5. Supplier due diligence: the undertakings make clear that where a business makes green claims about a product’s composition (e.g. ‘organic’ or ‘recycled’ fibres) or manufacturing process, the CMA expects businesses to have a supplier due diligence process in place to ensure these claims are accurate. The undertakings give an indication of what this should involve, including getting relevant certificates from suppliers (e.g. final scope and transaction certificates) or, failing that, a written declaration from the supplier that the product information is correct; conducting annual spot checks on a sample of certificates; and getting contractual assurances from suppliers that they will comply with the business’s green claims policies and contractual terms. Businesses should remove any green claims where the due diligence process is not complied with, or an error is identified which cannot be promptly rectified.

  6. Other internal processes around green claims: the CMA expects businesses to have appropriate mechanisms in place to prevent misleading green claims and the undertakings give an indication of what the CMA may consider to be ‘appropriate’, including: (i) automated software solutions and weekly spot checks to ensure product listings are accurate and do not contain any misleading green claims; (ii) introducing prompts for employees during the product listing and advertising processes; (iii) developing internal green claims policies and implementing annual training for relevant employees on green claims compliance (e.g. in marketing and product sourcing teams); and (iv) ensuring that all new green claims are vetted by legal teams before they are published. Having these kinds of procedures in place will not only reduce the risk of making misleading green claims but will help demonstrate that the business has a robust internal system to uphold compliance.

  7. Substantiation and record-keeping: all green claims must be substantiated with robust, credible and up-to-date evidence. Whilst the specific substantiation required will depend on the nature of the green claim, the undertakings give an indication of the kinds of records that businesses should have on file to back up their green claims and to evidence their internal green claims processes. These include: certificates and substantiation received from suppliers, supplier contracts, copies of internal green claims policies and training materials, and the results of any spot checks. (As per our previous blog, businesses should also consider keeping a separate (confidential and privileged) record of any risk assessments conducted for each green claim. This can help inform any discussions with regulators should the claim be challenged further down the line.)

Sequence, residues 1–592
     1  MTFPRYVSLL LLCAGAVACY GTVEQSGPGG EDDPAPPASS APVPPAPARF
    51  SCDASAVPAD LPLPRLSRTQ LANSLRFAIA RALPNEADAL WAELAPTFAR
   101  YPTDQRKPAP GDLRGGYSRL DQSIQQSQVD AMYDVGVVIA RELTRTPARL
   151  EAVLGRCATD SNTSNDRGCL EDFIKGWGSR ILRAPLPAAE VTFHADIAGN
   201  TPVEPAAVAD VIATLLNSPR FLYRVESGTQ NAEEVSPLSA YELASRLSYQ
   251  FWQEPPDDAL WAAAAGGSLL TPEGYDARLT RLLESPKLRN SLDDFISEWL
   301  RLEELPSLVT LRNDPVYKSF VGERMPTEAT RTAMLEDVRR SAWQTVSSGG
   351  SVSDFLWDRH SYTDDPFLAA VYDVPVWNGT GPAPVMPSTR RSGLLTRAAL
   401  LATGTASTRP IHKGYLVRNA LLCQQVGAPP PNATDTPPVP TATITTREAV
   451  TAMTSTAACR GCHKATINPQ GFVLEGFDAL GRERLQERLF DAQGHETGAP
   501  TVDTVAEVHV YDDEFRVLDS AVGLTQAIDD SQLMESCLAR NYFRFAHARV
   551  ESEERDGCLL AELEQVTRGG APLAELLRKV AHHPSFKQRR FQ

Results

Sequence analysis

Tougher regulatory landscape

The CMA has issued a stark warning that future green claims enforcement could result in significant fines for the businesses involved once the Digital Markets Competition and Consumers Bill (DMCC Bill) enters into force (expected in the coming months). Under the DMCC Bill the CMA is expected to be given significant new powers to make direct findings of breaches of consumer protection law (currently limited to the courts) and impose fines of up to 10% of global annual turnover. This follows similar developments in the EU under the Omnibus Directive where regulators can now issue significant fines for such breaches.

Once it is in force, the DMCC Bill, requires the CMA to publish a policy statement in due course setting out how it will assess whether, and at what level, to issue a fine. Therefore, whilst it is not possible to know whether the investigations against ASOS, Boohoo and George at Asda would have resulted in a fine had the DMCC Bill been in force, the message from the CMA is clear: the potential liability for misleading green claims in the UK is set to increase and all businesses should review their green claims now to ensure they are compliant.

For further commentary on the green claims regulatory landscape in the UK and our “top tips” for compliance see our previous blog. We regularly advise clients on their green marketing campaigns, so please reach out if you have any questions.

Disclaimer: The information in this publication is for guidance purposes only and does not constitute legal advice. We attempt to ensure that the content is current as at the date of publication, but we do not guarantee that it remains up to date. You should seek legal or other professional advice before acting or relying on any of the content.